• Let the Glue Dry. Yes, you want to make sure your resume, online profiles, and personal websites are dynamic and remain current, but landing on a page that remains “under construction” is a huge turn off. Not only is this likely to end any visit to your site quickly, it also greatly increases the chance that there will be no return by a recruiter. If you’re going to build a personal website, make sure you see it all the way through!

Now that we’ve thought a bit about what should and shouldn’t be part of a personal website, here are some quick tips to get started. As with most things today, you do not need to be a professional programmer to create a brilliant website. There are many different services that allow even amateurs to create technical works of art. Here are a few that you may want to consider:

  • Weebly. If you’re looking for an all-out website, Weebly is a good option. With a plethora of templates and themes to choose from, the output looks great on both traditional and mobile screens. Another feature that makes Weebly notable is their enhanced focus on photo and video. And, if you’re coupling your personal website with your hobby career or even moonlighting, they’re also able to support e-commerce.
  • Squarespace. Another source for comprehensive websites, Squarespace is perfect for those to whom “code” is a foreign word. Their GUI is simple to use and allows for easy drag and drop editing. Best of all, the first two weeks are free!
  • If a clean, straightforward landing page is your goal, look no further than Not only is this one of the quickest ways to establish your personal website presence, the simple, single photo platform can become a great professional supplement beyond your resume.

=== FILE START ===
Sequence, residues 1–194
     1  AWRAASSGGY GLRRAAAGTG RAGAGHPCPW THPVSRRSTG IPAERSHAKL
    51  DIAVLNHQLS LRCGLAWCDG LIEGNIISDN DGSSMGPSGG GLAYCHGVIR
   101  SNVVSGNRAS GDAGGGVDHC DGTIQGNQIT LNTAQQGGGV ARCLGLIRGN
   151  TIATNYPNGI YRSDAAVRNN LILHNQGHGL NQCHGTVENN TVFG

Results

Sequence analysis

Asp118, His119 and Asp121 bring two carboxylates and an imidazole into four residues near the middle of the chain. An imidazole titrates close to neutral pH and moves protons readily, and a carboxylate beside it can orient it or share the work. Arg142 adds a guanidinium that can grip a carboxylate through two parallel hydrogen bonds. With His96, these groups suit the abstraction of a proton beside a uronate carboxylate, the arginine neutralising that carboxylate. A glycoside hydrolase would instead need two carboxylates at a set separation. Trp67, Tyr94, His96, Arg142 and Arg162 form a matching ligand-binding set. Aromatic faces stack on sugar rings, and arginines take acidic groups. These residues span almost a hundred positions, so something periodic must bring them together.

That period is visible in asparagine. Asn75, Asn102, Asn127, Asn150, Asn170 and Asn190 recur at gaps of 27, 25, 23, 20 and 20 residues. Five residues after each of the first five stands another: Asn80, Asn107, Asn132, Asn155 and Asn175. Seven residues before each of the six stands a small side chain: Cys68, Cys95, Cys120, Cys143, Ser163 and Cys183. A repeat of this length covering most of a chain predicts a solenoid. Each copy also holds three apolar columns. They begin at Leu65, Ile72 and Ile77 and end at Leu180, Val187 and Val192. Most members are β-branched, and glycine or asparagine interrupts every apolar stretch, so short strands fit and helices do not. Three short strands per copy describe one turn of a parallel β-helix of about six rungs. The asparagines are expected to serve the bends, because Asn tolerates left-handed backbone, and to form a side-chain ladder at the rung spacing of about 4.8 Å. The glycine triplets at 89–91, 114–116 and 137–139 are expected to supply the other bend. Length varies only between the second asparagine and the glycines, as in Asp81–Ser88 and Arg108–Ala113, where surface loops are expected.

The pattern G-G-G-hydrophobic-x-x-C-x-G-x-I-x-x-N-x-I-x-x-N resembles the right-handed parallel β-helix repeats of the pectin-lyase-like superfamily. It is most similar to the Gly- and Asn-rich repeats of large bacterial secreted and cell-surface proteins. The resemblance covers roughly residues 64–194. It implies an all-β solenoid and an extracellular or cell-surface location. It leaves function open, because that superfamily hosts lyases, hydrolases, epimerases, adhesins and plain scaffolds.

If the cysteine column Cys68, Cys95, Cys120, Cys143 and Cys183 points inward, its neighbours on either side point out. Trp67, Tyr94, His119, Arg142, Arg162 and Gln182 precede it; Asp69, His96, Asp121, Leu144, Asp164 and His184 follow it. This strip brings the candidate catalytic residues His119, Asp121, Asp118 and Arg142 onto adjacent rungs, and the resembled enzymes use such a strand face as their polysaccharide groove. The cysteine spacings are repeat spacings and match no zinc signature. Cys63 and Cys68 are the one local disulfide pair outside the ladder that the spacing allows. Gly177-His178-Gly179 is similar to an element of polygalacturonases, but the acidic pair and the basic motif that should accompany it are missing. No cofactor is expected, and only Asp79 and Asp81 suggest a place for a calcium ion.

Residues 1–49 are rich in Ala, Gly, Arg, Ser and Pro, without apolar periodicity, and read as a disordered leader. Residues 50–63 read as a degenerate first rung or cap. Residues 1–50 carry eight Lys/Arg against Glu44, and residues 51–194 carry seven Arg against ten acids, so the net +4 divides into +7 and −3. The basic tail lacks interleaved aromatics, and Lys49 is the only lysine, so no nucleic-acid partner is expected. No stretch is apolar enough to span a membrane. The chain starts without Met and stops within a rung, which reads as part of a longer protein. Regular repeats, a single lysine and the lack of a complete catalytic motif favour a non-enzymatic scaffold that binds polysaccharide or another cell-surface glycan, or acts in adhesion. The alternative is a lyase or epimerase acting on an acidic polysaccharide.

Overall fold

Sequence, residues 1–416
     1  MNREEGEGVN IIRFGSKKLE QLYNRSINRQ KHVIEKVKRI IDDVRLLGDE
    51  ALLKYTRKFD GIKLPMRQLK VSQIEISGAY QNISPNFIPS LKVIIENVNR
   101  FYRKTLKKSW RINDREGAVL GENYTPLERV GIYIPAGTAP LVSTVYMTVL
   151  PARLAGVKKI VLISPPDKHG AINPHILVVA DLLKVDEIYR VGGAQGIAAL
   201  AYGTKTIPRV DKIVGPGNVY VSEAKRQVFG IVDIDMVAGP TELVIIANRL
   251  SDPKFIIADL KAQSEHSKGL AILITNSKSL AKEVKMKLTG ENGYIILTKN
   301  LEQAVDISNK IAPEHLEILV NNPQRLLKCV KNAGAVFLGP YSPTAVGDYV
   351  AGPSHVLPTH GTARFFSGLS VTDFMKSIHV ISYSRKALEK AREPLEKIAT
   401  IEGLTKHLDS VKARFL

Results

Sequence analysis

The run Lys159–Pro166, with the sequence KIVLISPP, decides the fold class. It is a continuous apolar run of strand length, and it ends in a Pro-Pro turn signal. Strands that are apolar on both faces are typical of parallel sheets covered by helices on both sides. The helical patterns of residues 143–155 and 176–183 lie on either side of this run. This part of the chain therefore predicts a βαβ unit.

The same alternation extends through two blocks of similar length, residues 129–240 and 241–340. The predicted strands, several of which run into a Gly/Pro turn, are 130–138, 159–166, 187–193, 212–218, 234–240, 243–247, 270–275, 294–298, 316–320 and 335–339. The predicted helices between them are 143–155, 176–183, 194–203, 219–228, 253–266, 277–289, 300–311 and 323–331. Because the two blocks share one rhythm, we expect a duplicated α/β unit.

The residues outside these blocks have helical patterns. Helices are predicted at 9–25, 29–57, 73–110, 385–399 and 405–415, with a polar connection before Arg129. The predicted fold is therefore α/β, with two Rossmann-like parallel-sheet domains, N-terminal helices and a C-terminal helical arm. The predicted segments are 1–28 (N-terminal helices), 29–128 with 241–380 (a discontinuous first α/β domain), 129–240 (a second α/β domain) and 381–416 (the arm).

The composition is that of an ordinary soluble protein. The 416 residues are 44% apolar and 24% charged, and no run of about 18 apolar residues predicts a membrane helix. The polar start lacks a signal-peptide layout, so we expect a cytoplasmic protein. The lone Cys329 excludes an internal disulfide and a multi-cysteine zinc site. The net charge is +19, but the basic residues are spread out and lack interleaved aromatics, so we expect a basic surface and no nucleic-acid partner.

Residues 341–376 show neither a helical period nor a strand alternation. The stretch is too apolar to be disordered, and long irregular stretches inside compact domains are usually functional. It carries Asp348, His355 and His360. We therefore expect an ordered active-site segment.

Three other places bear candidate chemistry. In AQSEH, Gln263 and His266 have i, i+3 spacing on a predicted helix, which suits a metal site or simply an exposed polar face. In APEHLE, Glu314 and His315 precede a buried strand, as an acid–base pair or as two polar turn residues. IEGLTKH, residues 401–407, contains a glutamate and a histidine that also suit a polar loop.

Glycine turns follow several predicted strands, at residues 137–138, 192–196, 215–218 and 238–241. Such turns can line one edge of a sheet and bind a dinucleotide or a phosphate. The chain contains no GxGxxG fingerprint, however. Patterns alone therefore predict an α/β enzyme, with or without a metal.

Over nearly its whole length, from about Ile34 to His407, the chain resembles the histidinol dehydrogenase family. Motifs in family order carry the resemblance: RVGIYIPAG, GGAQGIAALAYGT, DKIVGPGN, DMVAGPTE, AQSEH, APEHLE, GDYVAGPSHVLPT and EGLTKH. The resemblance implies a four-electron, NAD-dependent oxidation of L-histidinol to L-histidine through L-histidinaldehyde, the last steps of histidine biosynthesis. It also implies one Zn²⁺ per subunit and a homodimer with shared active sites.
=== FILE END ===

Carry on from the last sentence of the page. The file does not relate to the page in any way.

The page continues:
• Sometimes it’s good to try new things, and gives credence to this. Take your resume and transform it into a striking infographic representing your works. A single glance creates a total picture of who you are and your accomplishments.

Personal websites are not a requirement in today’s job market, but more and more recruiters and hiring managers are looking beyond the stack of resumes to gain additional insight into the candidates they’re considering. When you’re ready to add a bit more flavor and create your personal website, use this guide to ensure the end product drives the results you want. On the quest toward that dream job, remember what Sir Hillary preached: “It is not the mountain that we conquer, but ourselves.” Now, start climbing!

Michelle Kruse has more than 10 years of hiring and recruiting experience and a background in coaching and leadership development. At ResumeEdge, Michelle recruits and hires resume writers, provides training and ongoing support, manages strategic partnerships, and serves as a subject matter expert on the job search process.

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Do you have a personal site? How did you go about creating it? We want to hear from you! Leave a comment or join the discussion on Twitter.

Michelle Kruse
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Excellent article, very creative and to the point, love it!!